The 1936 Berlin Olympics set the backdrop for the massacre of millions of Jews, Roma, homosexuals, and people with disabilities. Those that did not fit Hitler’s definition of “Aryan” were wiped from German society and the rest of Nazi-ruled Europe.
Today it is widely undisputed that it was wrong to allow Nazi Germany to hold such a signifcant international presence as it unrolled the blueprints for Aushwitz’s gas chambers. Yet, in 2022, we find ourselves at a similar crossroads.
Despite accusing China of committing genocide, the US will participate in the Olympics games under the semblance of a diplomatic boycott in which US officials will not attend. This, however, is nothing more than an empty display of disapproval. The winter games are written in Uyghur blood—and American athletes and companies will profit from it.
Since the Olympics have proceeded as planned, we must at least use this event as a learning opportunity to spotlight and advocate for the Uyghur cause.
As the granddaughter of a Holocaust survivor, I feel a special connection, empathy, but most of all responsibility to the Uyghur cause. Raised with the principle of “never again,” I believe I have a moral obligation to the suffering of others; I never want to see the crimes of dehumanization, enslavement, and eradication touch another human being. When I was younger, I wondered how the world could allow such evils to persist and promised myself that I would have stood for what is right, against the wave of indifference. Here I am in a new generation, a new genocide. The historical trend toward national supremacy and oppression of minorities has given me the opportunity to prove my younger self right. How will I stand up against the mass murder of Uyghurs? My grandfather’s story will not be told in vain.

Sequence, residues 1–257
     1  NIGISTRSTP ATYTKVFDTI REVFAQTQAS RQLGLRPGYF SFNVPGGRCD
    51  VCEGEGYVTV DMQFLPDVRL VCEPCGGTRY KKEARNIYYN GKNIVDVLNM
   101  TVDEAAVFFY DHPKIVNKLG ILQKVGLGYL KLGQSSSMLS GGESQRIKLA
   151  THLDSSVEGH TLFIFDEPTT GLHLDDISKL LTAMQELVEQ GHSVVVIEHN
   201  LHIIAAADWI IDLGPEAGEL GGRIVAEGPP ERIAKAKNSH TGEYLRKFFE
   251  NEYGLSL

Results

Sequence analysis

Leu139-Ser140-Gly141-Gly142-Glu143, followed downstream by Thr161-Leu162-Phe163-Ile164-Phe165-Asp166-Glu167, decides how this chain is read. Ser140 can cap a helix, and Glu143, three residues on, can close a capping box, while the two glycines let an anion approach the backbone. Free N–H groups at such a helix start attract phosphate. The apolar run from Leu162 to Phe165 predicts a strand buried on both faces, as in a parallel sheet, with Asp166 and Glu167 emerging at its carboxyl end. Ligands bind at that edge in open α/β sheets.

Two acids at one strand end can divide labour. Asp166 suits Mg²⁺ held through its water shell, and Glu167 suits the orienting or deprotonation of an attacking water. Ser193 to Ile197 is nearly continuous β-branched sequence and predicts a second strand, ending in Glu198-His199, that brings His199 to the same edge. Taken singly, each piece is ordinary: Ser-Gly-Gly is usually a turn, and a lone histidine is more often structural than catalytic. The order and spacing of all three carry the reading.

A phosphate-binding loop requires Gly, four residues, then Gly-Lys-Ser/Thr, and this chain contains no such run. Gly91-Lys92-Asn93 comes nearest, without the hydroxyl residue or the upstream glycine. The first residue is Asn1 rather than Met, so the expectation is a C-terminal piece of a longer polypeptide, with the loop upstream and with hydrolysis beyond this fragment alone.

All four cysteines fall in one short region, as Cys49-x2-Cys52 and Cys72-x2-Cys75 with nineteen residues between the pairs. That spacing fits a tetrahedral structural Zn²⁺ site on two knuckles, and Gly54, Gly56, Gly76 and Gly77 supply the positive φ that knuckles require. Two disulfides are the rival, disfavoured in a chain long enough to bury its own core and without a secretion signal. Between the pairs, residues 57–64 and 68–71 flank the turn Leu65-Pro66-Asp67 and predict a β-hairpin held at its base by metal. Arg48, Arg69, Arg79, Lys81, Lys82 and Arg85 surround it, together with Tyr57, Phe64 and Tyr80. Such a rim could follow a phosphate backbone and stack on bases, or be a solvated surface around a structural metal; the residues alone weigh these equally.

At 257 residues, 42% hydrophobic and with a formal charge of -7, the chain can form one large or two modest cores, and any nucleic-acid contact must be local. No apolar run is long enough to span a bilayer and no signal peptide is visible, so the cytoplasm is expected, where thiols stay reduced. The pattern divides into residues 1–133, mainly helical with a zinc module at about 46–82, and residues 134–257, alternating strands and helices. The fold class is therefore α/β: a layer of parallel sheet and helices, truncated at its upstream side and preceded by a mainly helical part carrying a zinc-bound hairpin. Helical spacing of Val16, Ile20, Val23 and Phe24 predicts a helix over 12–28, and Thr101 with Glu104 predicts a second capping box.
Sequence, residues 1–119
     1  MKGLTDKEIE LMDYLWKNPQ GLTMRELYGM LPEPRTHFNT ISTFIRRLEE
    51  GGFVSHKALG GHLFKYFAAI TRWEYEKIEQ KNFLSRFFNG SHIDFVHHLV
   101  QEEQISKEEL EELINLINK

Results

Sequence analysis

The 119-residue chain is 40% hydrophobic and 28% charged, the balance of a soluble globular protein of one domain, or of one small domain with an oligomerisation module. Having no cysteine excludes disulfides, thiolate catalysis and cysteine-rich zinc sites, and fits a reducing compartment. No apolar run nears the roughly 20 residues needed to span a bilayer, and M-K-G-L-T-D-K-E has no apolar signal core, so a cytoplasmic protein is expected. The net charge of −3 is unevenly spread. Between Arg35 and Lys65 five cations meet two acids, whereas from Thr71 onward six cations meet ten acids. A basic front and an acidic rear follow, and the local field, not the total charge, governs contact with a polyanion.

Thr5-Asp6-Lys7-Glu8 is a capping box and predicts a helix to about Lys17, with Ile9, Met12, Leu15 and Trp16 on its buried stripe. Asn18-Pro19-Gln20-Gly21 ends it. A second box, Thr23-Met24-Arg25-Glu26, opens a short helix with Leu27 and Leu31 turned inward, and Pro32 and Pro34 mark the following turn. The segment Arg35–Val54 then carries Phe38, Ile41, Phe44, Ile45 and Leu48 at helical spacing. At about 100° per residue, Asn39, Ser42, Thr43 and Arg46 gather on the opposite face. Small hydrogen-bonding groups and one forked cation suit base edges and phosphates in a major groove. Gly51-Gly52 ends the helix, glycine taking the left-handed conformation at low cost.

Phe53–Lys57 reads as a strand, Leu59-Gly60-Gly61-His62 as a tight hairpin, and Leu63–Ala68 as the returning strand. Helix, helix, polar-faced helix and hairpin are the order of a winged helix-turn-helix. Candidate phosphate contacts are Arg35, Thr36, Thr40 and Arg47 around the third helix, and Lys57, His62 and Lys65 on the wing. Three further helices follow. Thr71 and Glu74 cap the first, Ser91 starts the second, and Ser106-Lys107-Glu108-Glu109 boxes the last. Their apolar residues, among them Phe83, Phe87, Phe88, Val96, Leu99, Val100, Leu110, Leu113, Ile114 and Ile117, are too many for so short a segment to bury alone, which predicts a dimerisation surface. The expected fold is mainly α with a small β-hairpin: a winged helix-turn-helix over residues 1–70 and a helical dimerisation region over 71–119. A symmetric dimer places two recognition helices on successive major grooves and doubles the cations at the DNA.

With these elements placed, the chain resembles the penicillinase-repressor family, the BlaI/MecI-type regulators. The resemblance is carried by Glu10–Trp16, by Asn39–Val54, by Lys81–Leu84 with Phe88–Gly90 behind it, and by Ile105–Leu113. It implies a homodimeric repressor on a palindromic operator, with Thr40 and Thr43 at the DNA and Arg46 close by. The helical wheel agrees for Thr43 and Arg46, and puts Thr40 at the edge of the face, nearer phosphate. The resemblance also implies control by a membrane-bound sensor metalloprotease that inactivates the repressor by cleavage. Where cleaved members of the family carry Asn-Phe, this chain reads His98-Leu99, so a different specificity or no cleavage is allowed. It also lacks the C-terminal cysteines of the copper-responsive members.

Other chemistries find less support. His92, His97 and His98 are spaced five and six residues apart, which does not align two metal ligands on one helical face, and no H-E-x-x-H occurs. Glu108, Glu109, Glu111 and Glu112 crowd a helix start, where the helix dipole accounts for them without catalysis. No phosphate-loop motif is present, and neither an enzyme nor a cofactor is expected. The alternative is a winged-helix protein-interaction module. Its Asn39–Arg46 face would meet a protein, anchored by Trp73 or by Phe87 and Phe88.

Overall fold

Because of our guiding values and shared experiences of diaspora, persecution, and genocide, it is imperative for us as Jews to stand up and stand STRONG against the ethnic cleansing of others. We will not be silent in the face of genocide and we will use our voice when others cannot speak up for themselves. Never Again.
Boycott the Olympics. Don’t be complicit in genocide.
If you are interested in learning more about how you can stand up for the Uyghurs, check out these amazing organizations. Together, we will make a difference!
Jewish Movement of Uyghur Freedom: https://jewishmovementforuyghurfreedom.org/
Berlin Beijing: https://www.berlinbeijingolympics.com/
Uyghur Human Rights Project: https://uhrp.org/
Uyghur NextGen Project: https://uyghurnextgen.org/about
“The views expressed in this post reflect the views of the author(s) and not UCLA or ASUCLA Communications Board.”